An Article V convention, also known as the Convention of States, has quietly become a political inevitability, as state legislators all over the nation consider how to rein in the federal government’s unprecedented overreach and abuse. The Founding Fathers placed what has been called a “Constitutional emergency cord” in the Constitution’s Fifth Article, to be used by states in case the federal government grows beyond its legal boundaries.
In 2014, three states passed the application to call a convention, and legislators from 14 states have already committed to filing the application in 2015, with more states likely to follow suit. Congress must call a convention if 34 states pass the application for the purpose of proposing amendments to the Constitution. (Three-fourths of the states must ratify proposed amendments before they take effect.)
Since the movement is gaining momentum – and there is no “expiration date” on the applications which have been passed already – the Convention of States has become the “sleeper issue” that will not only shape the 2016 presidential races, but will shape the course of our nation for decades to come.
Last week, a group of over a hundred state legislators – most appointed as delegates from their states – came from all over the nation to Indiana to prepare for the Convention of States. The legislators, who hailed from thirty-three states, attempted to establish the structure and rules of a convention. Though Article V is clear about Congress’s duty to call a convention upon two-thirds of the states passing applications, each convention sets its own rules once it convenes.
This group, the Assembly of State Legislatures (formerly the Mt. Vernon Assembly), hammered out some processes to which the states could possibly agree upon via resolution. They made decisions about how to officially adopt delegates and procedural protocols based on historical precedence. Two of the issues decided were:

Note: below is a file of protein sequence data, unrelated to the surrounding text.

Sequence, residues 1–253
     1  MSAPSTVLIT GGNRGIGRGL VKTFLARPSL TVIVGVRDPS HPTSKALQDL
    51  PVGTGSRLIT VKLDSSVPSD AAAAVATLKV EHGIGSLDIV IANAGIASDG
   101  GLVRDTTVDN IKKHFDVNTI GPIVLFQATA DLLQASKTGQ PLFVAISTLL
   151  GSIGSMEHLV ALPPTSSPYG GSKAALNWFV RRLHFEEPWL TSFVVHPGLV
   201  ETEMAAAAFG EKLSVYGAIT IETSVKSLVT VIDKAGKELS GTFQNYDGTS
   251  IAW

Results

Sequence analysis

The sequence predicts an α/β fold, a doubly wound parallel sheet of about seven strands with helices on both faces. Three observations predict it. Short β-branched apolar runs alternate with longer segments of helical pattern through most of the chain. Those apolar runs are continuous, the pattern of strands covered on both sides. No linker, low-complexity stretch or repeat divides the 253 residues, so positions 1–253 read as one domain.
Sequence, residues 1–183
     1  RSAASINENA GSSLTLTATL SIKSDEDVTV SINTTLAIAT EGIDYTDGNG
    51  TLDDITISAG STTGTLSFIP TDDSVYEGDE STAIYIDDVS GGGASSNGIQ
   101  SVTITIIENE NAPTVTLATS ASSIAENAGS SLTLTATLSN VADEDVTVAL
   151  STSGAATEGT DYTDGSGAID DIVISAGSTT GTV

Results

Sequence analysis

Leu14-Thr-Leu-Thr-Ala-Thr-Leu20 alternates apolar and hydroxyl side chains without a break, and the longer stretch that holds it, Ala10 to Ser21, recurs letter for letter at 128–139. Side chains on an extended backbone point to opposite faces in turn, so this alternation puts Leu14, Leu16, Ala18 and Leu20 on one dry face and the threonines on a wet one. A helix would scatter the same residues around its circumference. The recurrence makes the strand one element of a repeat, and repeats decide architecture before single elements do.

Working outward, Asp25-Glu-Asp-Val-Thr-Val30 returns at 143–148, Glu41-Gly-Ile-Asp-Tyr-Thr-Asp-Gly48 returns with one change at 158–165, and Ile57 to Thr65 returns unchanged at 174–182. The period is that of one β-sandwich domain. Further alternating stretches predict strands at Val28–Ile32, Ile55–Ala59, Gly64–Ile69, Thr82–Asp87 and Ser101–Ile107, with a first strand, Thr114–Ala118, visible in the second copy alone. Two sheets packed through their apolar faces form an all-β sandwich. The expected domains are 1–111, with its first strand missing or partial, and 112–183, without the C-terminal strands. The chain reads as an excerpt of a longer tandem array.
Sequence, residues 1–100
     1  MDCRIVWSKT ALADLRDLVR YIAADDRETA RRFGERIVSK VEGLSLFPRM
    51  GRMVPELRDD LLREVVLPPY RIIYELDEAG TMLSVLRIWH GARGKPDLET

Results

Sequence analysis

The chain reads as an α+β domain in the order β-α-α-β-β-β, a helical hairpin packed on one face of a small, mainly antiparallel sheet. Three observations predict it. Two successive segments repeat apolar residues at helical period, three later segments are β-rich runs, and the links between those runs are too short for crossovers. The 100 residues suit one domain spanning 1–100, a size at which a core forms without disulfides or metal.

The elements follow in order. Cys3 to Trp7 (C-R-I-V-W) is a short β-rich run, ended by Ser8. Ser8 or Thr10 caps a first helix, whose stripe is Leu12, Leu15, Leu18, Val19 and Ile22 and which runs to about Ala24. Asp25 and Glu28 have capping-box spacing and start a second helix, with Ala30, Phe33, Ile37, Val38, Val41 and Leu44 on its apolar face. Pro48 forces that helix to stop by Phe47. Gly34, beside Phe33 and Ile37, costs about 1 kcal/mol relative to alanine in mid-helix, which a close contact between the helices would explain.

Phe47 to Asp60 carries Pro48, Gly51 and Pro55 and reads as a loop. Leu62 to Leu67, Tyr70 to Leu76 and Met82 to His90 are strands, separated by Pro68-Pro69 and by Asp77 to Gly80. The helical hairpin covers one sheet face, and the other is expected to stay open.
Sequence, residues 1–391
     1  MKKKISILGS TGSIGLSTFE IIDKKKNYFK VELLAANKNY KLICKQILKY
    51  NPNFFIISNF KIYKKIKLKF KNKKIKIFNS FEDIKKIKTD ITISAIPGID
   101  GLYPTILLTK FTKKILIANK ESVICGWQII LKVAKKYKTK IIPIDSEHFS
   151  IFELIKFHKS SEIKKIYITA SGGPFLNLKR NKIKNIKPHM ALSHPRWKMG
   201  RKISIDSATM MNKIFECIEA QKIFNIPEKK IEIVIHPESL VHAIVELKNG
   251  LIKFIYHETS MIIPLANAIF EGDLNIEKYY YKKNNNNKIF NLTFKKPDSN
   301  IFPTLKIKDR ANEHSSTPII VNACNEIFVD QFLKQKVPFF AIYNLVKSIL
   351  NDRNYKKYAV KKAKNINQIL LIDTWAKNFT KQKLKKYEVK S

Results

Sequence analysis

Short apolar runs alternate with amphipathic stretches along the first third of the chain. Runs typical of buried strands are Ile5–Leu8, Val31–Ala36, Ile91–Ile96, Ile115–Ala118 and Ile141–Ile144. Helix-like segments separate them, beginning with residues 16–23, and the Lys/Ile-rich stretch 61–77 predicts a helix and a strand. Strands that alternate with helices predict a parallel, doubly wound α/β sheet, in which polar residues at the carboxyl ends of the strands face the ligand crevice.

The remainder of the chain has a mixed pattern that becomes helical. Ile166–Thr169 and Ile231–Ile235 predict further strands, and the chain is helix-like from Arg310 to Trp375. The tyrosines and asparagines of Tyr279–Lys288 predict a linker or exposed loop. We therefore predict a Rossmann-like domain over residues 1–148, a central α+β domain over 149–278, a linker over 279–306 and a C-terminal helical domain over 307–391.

1. All states at an Article V gathering will receive one vote, to comply with historical precedent.
2. Mason’s Manual, the parliamentary manual designed specifically for state legislatures, will be the basic source for convention rules.
“These rules were not meant to bind the future convention. Rather, they provide starting points to facilitate the first Article V Convention of States (though not the first convention attended by multiple states).
By hammering out these topics in advance, the legislators will help stave off any criticisms of a “runaway convention.” In fact, the federal government, according to the attendees, is what can be accurately described as “runaway.”
“The federal government is totally out of control,” Texas state Representative Paul Workman said after attending the meeting. “Runaway federal spending, overregulation, and the usurpation of states’ rights are crippling our economy. … [T]ime is running out to right the ship, and I believe a Convention of States may be the best way to get the federal government under control.”
Though Convention of States support is mainly comprised of Republicans, Democrats and independents are joining the cause as the IRS scandal, the NSA, privacy concerns, and other instances of federal government’s overreach dominate the news. On the Assembly’s second day, delegates elected committee chairs and co-chairs for three committees: Rules and Procedures, Judiciary, and Planning, Communication and Finance. Importantly, the working committees of the Assembly of State Legislatures have bipartisan leadership – with a Democrat and Republican legislator serving as co-chairs for each.
Over the next few months, the committees will continue to work on their specific proposals to present for consideration at the group’s next planned meeting in December.
“States are the laboratories of democracy,” Indiana Senate President Pro Tempore David Long said. “If something gets done properly, it doesn’t come from Washington. It comes from the states.”